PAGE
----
Another work using also the sounds of cascades is the very poetic Vestiges of Discomposition (2016), developed on Mount Tsukuba in Japan. Simon used hydrophones to supply a live sound feed, “carefully positioning it to pick up the most energy from the flow. When transduced to sound through a speaker, this energy manifests itself as a low frequency that is unheard by human ears, but creates a strong movement in the speaker itself.” He now fills the different loudspeakers with earth and water, recreating the landscape the loudspeakers are placed in. “These ‘landforms’ mark every point where the stream makes more audible sound above the water, therefore acting as listening stations.”

In Trace of the Storm (2017), created of the Open Arts Project in Busan (South Korea) a recording of a storm is played through two loudspeakers. One of them is a loudspeaker attached to the wood of a painting, the other one is a speaker cone filled with Korean ink, and producing a similar painting as the first one. “The sound continues to play through both pieces, but is heard in two different ways. The picture filters out low frequencies so you hear more detail, whereas the open speaker is almost inaudible, but creates another ‘drawing’.” This results in what could be called an action painting by a loudspeaker. In Simon Whetham’s works the microphones and loudspeakers are not only transducing between air and electricity, but they translate between all kinds of movements and sounds.

The trace of the storm by Simon Whetham
The trace of the storm by Simon Whetham: one finished painting and one in the process of making. © Simon Whetham.

Speaker Dress by Pauchi Sasaki

speaker dress Pauchi Sasaki
Pauchi Sasaki wears her Speaker Dress (2014), containing 96 loudspeakers. Photo by Juan Pablo Aragon. © Pauchi Sasaki

Our clothes can be seen as a form of communication between ourselves and the outside world. They give a visual impression of who we are and how we would like to be seen by others. Pauchi Sasaki designs dresses which are not only visible, but transmit sonic xterial as well. These dresses consists of around 100 loudspeakers, and are able to process sound live.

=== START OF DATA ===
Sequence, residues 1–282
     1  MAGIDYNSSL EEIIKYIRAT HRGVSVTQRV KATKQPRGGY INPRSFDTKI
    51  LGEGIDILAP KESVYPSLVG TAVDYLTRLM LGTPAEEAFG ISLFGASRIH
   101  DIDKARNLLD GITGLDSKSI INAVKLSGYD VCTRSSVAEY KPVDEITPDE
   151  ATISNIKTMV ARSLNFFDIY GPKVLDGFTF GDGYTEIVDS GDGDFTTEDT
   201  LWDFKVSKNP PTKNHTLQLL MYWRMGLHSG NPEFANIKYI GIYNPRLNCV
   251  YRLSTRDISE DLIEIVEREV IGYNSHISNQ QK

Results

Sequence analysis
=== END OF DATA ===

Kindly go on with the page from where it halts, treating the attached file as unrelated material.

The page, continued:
Pauchi got the idea for developing sonic costumes, when she performed in a temple in Lima. As she remembers: “But of course, it’s an ancient temple, so there was no electricity or outlets; I could perform only acoustic sounds, even though that’s not what I had planned. That’s when I got the idea of a self-contained system, but one that could be integrated into my body, that was the idea” (interview by Michael Barron).

The result was developed in 2014 and is simply called Speaker Dress. It is a self designed wearable sound sculpture. Two dresses exist nowadays, a black and a white one. The black one contains 96 loudspeakers, the white one even 125. Several loudspeakers are connected to the same amplifier channel. The black dress for example contains six channels of amplification, resulting in 16 loudspeakers per channel, and in six different sonic zones on the dress (a zone is formed by the loudspeakers diffusing the same sound).

Pauchi Sasaki Speaker Dress
Pauchi Sasaki in performance with her Speaker Dress. Photo by Janice Smith-Palliser. © Pauchi Sasaki

The performer can choose from different input possibilities: a contact microphone, a lavalier microphone and an mp3 player are connected. These signals are sent wireless to a computer, which processes the sound in the music software Max. The sound is sent back to the dress again and is diffused by the loudspeakers.

This is a short video made during a sound check for the Ojai Music Festival made by sound engineer Nick Tipp. Pauchi is testing the dress and walks through the auditorium:

All kind of live sounds made by the performers can be processed live during the concert and the transformed version is sounding through the dresses. Flutist Claire Chase and Pauchi herself, who is a violinist as well, use their breath, their voices and their instruments in the first composition Pauchi composed for  two dresses: Gama XV (2016). The performers are dressed in their own sounds, transformed by live electronics:

p. 93 Green Piece- Anne Wellmer

Fragment of a recording of Green Piece (2005) by Anne Wellmer.

Violin:  Julia Eckhardt, Electronics: Anne Wellmer.